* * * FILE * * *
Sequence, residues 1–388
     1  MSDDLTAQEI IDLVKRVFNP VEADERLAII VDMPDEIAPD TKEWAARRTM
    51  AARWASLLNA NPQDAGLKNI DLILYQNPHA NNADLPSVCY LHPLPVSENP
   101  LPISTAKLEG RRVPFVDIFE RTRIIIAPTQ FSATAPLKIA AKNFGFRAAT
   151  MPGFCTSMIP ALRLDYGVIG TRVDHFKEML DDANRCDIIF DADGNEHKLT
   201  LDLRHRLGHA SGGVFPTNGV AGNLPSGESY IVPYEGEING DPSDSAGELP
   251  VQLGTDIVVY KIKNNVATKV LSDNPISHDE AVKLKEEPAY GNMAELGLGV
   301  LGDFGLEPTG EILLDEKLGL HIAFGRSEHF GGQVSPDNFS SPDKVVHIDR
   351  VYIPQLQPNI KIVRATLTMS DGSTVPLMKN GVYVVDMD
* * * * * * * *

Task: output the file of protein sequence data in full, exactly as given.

Sequence, residues 1–388
     1  MSDDLTAQEI IDLVKRVFNP VEADERLAII VDMPDEIAPD TKEWAARRTM
    51  AARWASLLNA NPQDAGLKNI DLILYQNPHA NNADLPSVCY LHPLPVSENP
   101  LPISTAKLEG RRVPFVDIFE RTRIIIAPTQ FSATAPLKIA AKNFGFRAAT
   151  MPGFCTSMIP ALRLDYGVIG TRVDHFKEML DDANRCDIIF DADGNEHKLT
   201  LDLRHRLGHA SGGVFPTNGV AGNLPSGESY IVPYEGEING DPSDSAGELP
   251  VQLGTDIVVY KIKNNVATKV LSDNPISHDE AVKLKEEPAY GNMAELGLGV
   301  LGDFGLEPTG EILLDEKLGL HIAFGRSEHF GGQVSPDNFS SPDKVVHIDR
   351  VYIPQLQPNI KIVRATLTMS DGSTVPLMKN GVYVVDMD